In July 1969, Neil Armstrong became the first man to walk on the moon. Just two months later, and with a lot less fanfare, my father became the first man to walk into the delivery room at Livermore California’s Valley Memorial hospital, and watch the birth of his child. He often told me that I looked like a beautiful butterfly unfolding.
My mother believed in natural childbirth. She was deeply saddened that she had had little awareness of my older sister’s birth and was determined not to let that happen again. She learned Lamaze techniques from a little red notebook, and used what she learned to be fully present for my birth.
Thirty years later, my sister was traumatized by the birth of her daughter, causing me to question how would I handle the birth of mine?
I was confused by these different images of birth, so I read everything I could find about childbirth. My husband and I took a class from the author of the book that particularly affected us. That class helped us challenge our beliefs, and transcend our fears about birth. What if the pain was worse then I imagined? What if I wasn’t strong enough? As we prepared mentally for the challenges of birth, we formed new beliefs like that I had the power and strength to give birth naturally.
Giving birth is often compared to running a marathon and when I first heard this comparison I was annoyed. Having run marathons, I thought they had nothing in common. In a marathon when I reached the half way mark, I knew the same distance was left, and I also knew I could stop. In birth I would have no idea how much longer was left, and there was no stopping. After giving birth I saw an important similarity: for both I prepared physically, mentally, and emotionally. I also then knew that giving birth was so much more than a marathon.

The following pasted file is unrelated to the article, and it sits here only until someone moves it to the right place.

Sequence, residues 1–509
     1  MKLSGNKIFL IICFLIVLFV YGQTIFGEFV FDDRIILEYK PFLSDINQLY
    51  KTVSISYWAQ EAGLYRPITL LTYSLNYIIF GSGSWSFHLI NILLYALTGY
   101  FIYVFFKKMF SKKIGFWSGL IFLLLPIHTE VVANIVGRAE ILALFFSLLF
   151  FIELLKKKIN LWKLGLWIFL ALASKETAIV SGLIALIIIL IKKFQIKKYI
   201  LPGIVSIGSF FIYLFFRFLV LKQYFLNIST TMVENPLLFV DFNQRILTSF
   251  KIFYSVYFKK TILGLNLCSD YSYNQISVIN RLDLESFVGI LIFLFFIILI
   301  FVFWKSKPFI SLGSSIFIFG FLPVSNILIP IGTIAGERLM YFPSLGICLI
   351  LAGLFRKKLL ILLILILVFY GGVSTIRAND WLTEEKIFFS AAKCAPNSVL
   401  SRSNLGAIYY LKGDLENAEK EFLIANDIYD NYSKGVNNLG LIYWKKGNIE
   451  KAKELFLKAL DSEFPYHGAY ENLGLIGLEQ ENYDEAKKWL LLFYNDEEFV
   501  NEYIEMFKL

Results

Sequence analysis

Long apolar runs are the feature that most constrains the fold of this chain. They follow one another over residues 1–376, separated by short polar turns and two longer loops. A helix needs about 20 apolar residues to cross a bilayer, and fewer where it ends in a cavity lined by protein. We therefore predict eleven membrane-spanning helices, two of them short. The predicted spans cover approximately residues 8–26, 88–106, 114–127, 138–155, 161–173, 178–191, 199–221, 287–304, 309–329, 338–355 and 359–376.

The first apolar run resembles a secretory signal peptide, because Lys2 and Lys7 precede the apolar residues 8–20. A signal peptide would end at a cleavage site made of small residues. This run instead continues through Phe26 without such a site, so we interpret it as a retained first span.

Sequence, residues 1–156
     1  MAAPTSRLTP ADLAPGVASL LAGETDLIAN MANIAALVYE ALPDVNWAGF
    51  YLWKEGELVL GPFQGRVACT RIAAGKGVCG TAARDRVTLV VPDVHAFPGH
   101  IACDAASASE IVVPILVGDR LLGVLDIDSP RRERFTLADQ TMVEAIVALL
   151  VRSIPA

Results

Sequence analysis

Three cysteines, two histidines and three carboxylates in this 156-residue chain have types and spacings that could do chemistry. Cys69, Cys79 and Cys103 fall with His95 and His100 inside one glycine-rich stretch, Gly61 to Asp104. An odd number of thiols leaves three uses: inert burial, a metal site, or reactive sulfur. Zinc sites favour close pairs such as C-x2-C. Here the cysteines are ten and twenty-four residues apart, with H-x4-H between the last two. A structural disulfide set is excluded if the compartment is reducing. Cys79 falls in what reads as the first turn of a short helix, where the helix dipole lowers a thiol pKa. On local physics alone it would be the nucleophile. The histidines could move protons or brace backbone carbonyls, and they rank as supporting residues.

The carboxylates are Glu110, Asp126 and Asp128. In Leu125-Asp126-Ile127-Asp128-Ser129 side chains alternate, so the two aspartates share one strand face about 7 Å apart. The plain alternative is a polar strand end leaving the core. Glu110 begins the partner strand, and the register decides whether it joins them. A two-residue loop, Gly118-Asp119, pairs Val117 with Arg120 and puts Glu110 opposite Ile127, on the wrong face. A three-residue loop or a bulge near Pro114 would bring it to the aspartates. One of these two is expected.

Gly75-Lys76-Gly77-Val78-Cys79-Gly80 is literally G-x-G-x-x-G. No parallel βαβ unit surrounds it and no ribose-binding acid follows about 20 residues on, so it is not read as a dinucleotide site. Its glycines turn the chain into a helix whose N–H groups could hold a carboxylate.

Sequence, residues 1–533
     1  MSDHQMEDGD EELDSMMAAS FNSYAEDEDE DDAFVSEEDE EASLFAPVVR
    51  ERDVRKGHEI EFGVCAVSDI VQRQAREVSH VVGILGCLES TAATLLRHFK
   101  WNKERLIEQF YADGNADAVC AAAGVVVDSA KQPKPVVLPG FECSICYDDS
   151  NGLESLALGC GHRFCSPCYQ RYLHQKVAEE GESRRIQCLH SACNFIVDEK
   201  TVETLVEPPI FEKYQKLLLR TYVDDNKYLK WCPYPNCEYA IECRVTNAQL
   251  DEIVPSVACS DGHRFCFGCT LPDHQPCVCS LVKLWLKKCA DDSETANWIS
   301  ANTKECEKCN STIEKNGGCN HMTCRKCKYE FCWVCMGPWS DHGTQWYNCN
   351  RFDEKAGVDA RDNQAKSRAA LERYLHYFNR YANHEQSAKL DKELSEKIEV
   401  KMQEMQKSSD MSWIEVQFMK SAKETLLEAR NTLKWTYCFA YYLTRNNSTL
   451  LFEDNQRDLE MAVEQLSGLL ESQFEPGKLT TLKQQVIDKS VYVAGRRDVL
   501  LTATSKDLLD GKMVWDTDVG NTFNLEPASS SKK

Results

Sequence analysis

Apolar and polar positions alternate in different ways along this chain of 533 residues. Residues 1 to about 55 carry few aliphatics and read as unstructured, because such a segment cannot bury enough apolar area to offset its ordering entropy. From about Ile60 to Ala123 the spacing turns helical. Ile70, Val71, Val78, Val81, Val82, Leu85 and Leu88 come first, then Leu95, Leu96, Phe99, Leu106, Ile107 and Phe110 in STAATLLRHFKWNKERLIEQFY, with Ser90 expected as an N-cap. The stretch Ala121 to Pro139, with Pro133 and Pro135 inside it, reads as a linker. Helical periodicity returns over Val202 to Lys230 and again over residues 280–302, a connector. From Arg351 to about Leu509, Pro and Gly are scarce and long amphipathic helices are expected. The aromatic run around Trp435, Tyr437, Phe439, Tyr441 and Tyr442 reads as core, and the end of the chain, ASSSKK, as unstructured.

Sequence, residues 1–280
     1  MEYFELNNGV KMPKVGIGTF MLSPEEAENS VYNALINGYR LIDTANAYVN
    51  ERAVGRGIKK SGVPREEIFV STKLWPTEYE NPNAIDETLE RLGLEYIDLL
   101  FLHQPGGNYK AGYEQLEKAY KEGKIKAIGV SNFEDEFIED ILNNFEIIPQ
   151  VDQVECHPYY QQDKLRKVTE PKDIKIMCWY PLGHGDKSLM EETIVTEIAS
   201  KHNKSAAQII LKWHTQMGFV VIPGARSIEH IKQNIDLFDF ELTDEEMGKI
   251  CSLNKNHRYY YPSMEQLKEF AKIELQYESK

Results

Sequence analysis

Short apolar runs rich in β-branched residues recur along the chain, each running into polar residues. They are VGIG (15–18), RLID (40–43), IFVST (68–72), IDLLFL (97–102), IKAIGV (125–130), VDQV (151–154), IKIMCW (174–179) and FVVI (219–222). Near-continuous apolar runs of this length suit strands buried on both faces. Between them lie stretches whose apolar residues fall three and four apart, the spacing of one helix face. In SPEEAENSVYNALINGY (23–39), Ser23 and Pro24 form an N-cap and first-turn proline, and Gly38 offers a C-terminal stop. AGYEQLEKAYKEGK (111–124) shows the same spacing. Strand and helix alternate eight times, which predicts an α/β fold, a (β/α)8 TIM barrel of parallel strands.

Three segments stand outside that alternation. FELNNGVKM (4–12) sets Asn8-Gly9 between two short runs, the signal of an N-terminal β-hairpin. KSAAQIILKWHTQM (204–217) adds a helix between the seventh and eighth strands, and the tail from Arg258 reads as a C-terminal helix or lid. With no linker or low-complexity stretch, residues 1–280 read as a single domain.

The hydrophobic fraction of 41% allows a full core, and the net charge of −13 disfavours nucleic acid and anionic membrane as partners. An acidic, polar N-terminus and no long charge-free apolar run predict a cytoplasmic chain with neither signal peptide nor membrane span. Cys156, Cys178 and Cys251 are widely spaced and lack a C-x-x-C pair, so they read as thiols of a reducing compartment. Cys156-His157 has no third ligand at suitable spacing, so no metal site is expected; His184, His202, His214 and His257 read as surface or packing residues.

I believe I embrace life differently as a result of how I prepared for giving birth, which is independent of how the birth itself unfolded. The fundamental learning for me came from challenging my beliefs and assumptions, and facing my fears about birth, which were shaped from what I heard and saw through out my life, like the story of my own birth, my sister’s trauma, and the comparison between giving birth and running a marathon. As it turned out, I gave birth just as I had hoped. It was joyful, and spiritual, and illuminated all I knew about life, and its challenges.
I believe giving birth taught me a lot about myself. The picture sitting on my desk of me, my husband, and our daughter taken just seconds after her birth reminds me to question my beliefs and assumptions, address my fears, and trust my intuition.
Now I realize that what my father walked in on, 37 years ago, is in fact, more wondrous and awesome than putting a man on the moon.
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